Buckets and branches: Algeria’s desperate wildfire fightWhy do you sometimes gain weight after exercising?a dolphin jumping out of the water: Little is known about killer whales on Australia's east coast. (Supplied: Isabella Reeves)© Provided by ABC NEWS Little is known about killer whales on Australia’s east coast. (Supplied: Isabella Reeves)

If you’ve seen a killer whale in Australia’s eastern waters, you are one of the lucky few.

The apex predators remain elusive to researchers, and little is known about them.

“You can’t protect what you don’t understand,” David Donnelly from Killer Whales Australia said.

Mr Donnelly has dedicated the past 20 years of his life to curating killer whale information, mostly sent in by citizen scientists.

“They are highly mobile, difficult to predict and even when you know they are there, they are difficult to find,” he said.

“For only the second time ever, I saw killer whales three weeks ago in Victorian waters, and I live here.

“If you’ve seen one in eastern Australia, I’d say you’re very, very, very lucky.”

Three known populations

New research by Flinders University has used DNA to identify three populations of killer whales, each with distinct female-driven societies.

Researcher Isabella Reeves said the study found there were separate populations in the north of Western Australia, one in south Western Australia and one in New Zealand.

“We wanted to use DNA to find similarities and differences between animals we had samples of, to work out how many populations there are and if they are connected or not,” she said.

Ms Reeves said the picture on the east coast was still unclear.

“We know from Killer Whales Australia’s citizen science database that they seem to range on the east coast from Sydney to Hobart and as far west as Portland,” she said.

“It’s possible there could be a separate east coast population.”

She said researchers needed to understand the animals so they could be properly protected.

“At the moment there are just restrictions on how far you need to be away from them.”

Tasman Peninsula a killer whale hotspot

Mr Donnelly said the Tasman Peninsula in Tasmania was one of the only places on the east coast of Australia where the animals could be intercepted by researchers, and it could happen over the next few weeks.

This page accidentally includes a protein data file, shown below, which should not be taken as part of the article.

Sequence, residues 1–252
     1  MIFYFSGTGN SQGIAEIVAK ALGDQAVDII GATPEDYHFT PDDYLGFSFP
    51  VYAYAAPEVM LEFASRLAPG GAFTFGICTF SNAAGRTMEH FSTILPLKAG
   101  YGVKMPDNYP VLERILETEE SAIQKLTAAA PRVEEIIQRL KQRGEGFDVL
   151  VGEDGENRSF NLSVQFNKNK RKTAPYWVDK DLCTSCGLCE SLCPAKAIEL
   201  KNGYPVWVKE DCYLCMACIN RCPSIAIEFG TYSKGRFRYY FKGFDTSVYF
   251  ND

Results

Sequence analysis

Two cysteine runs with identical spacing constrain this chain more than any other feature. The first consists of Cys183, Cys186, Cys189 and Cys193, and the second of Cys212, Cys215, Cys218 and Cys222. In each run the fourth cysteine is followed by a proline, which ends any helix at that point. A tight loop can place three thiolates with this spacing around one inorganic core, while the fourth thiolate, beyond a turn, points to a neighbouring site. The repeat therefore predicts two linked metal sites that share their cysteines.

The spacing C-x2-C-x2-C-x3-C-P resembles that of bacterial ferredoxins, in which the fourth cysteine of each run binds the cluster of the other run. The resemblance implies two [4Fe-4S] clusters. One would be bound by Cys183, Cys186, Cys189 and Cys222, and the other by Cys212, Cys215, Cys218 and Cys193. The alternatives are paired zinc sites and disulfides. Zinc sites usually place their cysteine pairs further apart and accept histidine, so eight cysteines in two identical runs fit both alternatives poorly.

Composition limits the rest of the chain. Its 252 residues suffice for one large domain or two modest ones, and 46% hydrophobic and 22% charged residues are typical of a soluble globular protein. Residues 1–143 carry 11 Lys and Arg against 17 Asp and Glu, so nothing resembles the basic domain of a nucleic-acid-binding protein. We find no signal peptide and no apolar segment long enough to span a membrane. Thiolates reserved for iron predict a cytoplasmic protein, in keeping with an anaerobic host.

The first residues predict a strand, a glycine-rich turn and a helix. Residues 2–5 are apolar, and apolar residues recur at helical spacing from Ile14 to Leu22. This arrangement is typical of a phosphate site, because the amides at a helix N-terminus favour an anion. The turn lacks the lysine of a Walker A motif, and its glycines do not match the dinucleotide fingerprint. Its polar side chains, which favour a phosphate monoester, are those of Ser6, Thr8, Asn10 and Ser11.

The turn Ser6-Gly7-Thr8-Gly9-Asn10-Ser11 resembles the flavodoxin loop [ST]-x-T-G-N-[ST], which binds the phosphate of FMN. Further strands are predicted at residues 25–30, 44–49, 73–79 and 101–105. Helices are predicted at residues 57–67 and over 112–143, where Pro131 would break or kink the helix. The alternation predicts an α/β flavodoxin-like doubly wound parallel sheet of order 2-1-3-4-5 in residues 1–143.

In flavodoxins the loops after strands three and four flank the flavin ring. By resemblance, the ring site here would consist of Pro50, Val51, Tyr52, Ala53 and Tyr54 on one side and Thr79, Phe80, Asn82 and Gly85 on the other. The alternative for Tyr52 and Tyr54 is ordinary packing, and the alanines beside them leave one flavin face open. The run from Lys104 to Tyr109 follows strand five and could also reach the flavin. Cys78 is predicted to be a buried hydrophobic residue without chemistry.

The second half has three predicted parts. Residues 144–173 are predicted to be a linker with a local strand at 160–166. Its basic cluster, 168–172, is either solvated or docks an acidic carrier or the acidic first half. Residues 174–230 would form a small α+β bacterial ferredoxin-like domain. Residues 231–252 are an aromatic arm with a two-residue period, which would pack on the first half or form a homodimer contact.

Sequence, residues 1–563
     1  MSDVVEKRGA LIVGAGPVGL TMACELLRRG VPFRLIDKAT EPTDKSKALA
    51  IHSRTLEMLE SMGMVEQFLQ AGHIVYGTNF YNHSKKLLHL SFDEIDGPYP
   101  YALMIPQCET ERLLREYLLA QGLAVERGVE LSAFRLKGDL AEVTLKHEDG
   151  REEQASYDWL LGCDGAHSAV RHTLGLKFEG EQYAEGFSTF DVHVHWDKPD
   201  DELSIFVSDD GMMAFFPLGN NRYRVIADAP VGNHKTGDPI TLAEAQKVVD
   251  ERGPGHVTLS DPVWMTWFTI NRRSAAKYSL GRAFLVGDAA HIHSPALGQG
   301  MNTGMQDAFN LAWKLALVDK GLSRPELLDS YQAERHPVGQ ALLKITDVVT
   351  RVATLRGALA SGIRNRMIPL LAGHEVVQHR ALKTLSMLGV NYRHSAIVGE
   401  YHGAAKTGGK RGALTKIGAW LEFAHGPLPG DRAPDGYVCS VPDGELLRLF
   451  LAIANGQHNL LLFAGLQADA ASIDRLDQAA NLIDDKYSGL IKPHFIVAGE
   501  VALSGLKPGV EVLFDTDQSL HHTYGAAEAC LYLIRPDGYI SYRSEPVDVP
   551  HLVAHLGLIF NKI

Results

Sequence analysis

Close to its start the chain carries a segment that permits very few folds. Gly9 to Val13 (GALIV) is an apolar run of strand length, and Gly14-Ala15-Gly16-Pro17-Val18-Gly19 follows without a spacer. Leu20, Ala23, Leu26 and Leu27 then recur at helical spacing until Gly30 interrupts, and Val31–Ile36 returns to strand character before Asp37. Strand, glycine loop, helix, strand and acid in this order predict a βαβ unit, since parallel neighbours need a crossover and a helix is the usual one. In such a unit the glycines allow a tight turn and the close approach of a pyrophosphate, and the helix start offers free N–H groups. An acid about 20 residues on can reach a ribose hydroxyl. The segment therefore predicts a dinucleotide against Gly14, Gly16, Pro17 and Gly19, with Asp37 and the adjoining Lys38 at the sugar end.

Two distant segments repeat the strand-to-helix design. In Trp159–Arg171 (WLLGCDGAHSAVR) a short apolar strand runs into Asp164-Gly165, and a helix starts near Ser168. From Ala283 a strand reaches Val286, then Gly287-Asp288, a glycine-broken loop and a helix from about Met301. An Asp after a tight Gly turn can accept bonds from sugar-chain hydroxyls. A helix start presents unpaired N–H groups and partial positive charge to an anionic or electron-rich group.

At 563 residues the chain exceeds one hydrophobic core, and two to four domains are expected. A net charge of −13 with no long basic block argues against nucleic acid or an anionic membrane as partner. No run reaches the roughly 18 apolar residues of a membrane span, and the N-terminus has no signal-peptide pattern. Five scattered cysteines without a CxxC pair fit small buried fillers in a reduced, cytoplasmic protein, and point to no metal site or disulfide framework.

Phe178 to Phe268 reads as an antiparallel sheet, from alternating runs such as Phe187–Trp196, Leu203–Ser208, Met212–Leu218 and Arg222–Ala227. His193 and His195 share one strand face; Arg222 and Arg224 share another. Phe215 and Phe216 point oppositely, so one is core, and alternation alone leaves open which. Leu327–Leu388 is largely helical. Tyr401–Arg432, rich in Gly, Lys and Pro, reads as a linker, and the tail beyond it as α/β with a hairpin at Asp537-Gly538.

“Any time now we’re expecting a call from any of the tour operators down there,” he said.

Even then, he said it only happens three to four times a year at most, and the stars had to align in terms of wind, visibility and the speed of the animals.

“It’s remarkable anyone ever gets to see them,” he said.

University of Tasmania phD student Ben Sellers has been studying the diet of killer whales, using tissue samples.

He is ready and waiting to receive a call that the animals have been spotted off Tasmania’s east coast.

“The only way we are able to get them is if someone is out on their boat and sees killer whales and they take a video or a photo and then they contact Killer Whales Australia,” Mr Sellers said.

“I then jump in my car and drive to Eaglehawk Neck and jump in our research boat.”

The success rate isn’t high.

“Out of 15 sightings in the past five or six years we were able to intercept them two times,” he said.

Mr Sellers wants to attach a satellite tag to one of the animals to see where they spend their time, but doing that is no mean feat.

So far, the conditions haven’t been right or the animals have been evasive.

“Sometimes they are really chilled out and will hang around the boat, other times they are on their way somewhere travelling and the best you get is a photo,” he said.

Citizen science crucial

Mr Donnelly said citizen science had been crucial in building a catalogue of sightings, and anyone who saw a killer whale should contact Killer Whales Australia.

“Killer whales are Australia’s top predator,” he said.

“Some might argue that is one of the most important species to study because it gives you an understanding about what’s happening in the eco-system.”

There are only about 60 killer whales in the east coast catalogue, but it is believed the numbers are in the low hundreds.

“When you think about the expanse of that habitat, that’s not a lot of animals,” he said.

“Imagine 300 people turning up at the MCG on grand final day, it would look empty.”

‘Efficient killers’

Mr Sellers has been using biochemical analysis to understand the mammals’ diet, which he said was crucial in working out if there were any resource conflicts and the impact of climate change.

Tissue biopsies from live and dead killer whales enable him to extract fats and oils and break it down for examination.

“Certain fatty acids can correspond to specific prey items,” he said.

“It gives you an idea of what the animals have been eating without disturbing them too much.”

It seems that killer whales are not fussy eaters, consuming a broad diet of dolphins, humpback whales, seals, stingrays and fish.

The whales can target humpback calves, even if a male whale is with them.

“They are really efficient killers,” Mr Sellers said.

“They are very, very clever.”

He said the gaps in knowledge about killer whales meant management decisions couldn’t be made.

“They are such an iconic species that you’d think we’d know more so much about them,” he said.

“Everybody loves them, and to see one in the wild is a real privilege.”

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